I just published a nice chart which lists average Internet connection speed across Europe: Romania holds the first place with 55.67 Mbps, leaving many highly developed countries behind. How can this happen?
I found in a Reddit discussion on the matter an exhaustive explanation of the phenomenon given by a Romanian user: piracy and competition are the answer.
Serious short answer? Piracy.
We started out like any other country, with dial-up lines and 14440 or if you were lucky, 56k modems. The state company that owns the landlines, Romtelecom, had crazy expensive internet during the day, but after 10PM it was 10 times cheaper. This period lasted about 2 years and a few people got to experience what internet actually meant.
The first real networks we had did not have access to internet, were basically big LANs within an apartment complex. This way, most of the people could play Diablo2, Quake2, or Starcraft via LAN – even if the game was pirated, direct connection via IP worked.
People realized that being in a network was cool, you could download a song on dial-up (took about 1 hour with a 14400dial up connection) and share it instantly with your neighbor. He would download another song and you would get that one from him.
The flats stated to link up with each other and created “neighborhood networks”. Still no internet, we are now in about year 2 of dial-up being available in Romania.
ADSL made an appearance but it was too expensive for most people, so it all but vanished in leas than a year.
These networks had to be maintained by someone (keep the switch plugged in, repair the cable that someone from the 6th floor cut because it look bad hanging near his window, link the network with others, etc) so the local sys admin job was created. Since they were getting regular, small payments, they decided to bring the real internet and make more money. You could pay “x” for LAN, or “x+y” for Lan and Internet. Since the target customer was the kid on the next floor, the prices had to be reasonable.
More and more people started to get 2nd hand computers and needed software (windows, office) so they would pirate it. Yeah, its not nice, but back then, a licence for win95 was the equivalent of about 2 monthly salaries for a teacher. Or that of a policeman. So no one, and I mean it, no one cared that the software was pirated.
People loved the internet because you could download movies and watch them at home. You had software like DC++ that allowed you to download with 10MB/sec from others within your network. And when I say download, you can read pirate. I honestly think that there’s not one person in Romania who used a computer at least once and never downloaded anything illegal.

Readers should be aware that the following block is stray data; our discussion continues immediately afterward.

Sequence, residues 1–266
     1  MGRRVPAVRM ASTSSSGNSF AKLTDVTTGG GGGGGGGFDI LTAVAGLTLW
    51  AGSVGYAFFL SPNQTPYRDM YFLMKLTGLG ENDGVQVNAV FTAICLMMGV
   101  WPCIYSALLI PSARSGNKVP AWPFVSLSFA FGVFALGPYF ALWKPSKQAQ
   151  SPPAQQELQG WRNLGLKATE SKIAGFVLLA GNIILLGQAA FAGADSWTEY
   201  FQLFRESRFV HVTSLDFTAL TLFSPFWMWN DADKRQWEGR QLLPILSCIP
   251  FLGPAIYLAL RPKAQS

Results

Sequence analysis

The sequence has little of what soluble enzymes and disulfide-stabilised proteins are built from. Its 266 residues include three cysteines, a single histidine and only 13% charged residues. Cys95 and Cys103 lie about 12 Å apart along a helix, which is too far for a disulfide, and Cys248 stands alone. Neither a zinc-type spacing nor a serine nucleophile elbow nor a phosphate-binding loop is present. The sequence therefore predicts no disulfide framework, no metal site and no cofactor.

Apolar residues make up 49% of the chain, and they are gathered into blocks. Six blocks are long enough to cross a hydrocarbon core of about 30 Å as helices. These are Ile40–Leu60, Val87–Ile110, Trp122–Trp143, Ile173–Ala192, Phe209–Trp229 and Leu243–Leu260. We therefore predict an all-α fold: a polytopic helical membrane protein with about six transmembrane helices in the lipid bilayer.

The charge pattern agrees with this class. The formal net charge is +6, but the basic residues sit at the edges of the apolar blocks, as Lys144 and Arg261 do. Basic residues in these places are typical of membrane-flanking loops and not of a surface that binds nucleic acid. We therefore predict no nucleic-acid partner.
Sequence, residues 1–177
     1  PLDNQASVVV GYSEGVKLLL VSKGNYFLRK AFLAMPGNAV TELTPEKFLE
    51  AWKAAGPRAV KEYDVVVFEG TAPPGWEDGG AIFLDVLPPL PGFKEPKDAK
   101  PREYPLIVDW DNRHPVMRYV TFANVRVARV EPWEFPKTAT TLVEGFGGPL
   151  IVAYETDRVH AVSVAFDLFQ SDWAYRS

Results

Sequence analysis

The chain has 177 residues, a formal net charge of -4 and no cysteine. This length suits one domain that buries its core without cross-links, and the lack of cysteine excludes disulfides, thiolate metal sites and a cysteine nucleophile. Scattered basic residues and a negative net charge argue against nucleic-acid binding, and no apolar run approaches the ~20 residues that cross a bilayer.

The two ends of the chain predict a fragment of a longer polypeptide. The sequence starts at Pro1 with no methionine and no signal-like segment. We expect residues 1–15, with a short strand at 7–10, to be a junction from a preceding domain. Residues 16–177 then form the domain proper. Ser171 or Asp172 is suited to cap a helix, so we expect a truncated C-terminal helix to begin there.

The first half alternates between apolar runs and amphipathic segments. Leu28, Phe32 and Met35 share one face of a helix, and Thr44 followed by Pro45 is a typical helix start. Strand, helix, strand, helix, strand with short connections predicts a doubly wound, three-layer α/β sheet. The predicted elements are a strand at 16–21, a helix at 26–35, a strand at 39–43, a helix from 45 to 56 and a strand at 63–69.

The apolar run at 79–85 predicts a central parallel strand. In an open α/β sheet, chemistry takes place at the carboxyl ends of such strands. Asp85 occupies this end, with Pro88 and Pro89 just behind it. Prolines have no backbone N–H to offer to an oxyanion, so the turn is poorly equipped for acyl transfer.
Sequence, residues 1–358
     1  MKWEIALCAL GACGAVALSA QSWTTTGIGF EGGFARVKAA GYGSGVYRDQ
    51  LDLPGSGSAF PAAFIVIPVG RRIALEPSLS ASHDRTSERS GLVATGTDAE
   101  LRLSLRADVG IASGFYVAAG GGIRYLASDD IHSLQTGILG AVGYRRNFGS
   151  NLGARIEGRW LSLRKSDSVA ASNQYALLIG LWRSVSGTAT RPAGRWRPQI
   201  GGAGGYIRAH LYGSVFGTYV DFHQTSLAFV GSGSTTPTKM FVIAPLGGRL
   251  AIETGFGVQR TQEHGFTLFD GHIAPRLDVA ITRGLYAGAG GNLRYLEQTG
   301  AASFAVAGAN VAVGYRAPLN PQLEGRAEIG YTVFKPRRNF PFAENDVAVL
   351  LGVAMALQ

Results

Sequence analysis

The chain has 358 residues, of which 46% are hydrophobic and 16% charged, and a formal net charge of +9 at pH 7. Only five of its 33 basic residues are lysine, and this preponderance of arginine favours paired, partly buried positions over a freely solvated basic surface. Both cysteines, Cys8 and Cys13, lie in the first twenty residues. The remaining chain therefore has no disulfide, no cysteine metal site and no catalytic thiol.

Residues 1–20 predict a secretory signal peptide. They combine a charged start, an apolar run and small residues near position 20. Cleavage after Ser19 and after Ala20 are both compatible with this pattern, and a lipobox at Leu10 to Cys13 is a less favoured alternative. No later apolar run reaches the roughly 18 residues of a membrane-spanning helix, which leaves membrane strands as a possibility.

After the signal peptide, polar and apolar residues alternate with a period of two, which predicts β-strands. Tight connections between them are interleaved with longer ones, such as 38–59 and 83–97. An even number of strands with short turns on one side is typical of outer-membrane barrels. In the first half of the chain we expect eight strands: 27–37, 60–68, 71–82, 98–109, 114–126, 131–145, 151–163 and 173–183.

By this time, there was at least 1 of these networks for every 50-100 people. The networks started to link with each other via optical cable and would promote their speed with slogans like “100mbs within the city, 1mb outside” or “download a movie in minutes”. Just in my neighborhood we had about 5 of these firms.
Then the torrents got popular and the shit hit the fan. People switched from DC++ to torrents within months and the networks had to keep up. So they added more capacity and advertised better upload speeds and by this time most of the cities were connected via fiber so you could download almost anything with around 10MB/sec.
All in all, the switch from 56k to 100mbs took less than 2 years in the big cities. Extreme levels of piracy -literally, you didn’t knew anyone who had a licence for anything back then – meant that the police did not care, they were pirating stuff as well.
tl;dr Romanians love movies, we needed a way to download them and fiber was the answer. Much cheaper than copper, no risk of the cables getting stolen.
OMG I just wrote a novel!
edit: Thanks for the gold🙂. Also, RIP my inbox.
BTW, I’m not saying software piracy is great. I own a lot of software now and I’m happy to pay for what I like because now I can afford it.
I’m just explaining how things got started here. And honestly, the companies never lost a penny because we got to download stuff for free. No one could afford to legally buy the content. There was never a choice between buying and pirating it. This is something most people in the west dont get – we were never like “hey, I can buy this new game, but screw it, I’ll just pirate it and keep the money” – back then most of us did not have the money in the first place. In 2003 the GDP was 2.700$. That’s the median income for the ENTIRE year. So less then 250$ per month. If you think with that income people had the option of spending 50$ to buy a game or 15$ to buy a DVD, you are dead wrong. People had more pressing matters that needed money, like food and bills.
Even now, the lowest income salary is at around 250$. Do you honestly think people who make so little are able to spend 150$ for Windows? Buying the software is simply not an option for them.
Also, to the people saying that this wouldn’t work in US due to the huge size difference: who says you have to blanket the entire nation with fiber on day 1? I agree, that’s impossible. You start with areas that have a high population density and then fan out to lower and lower population density zones.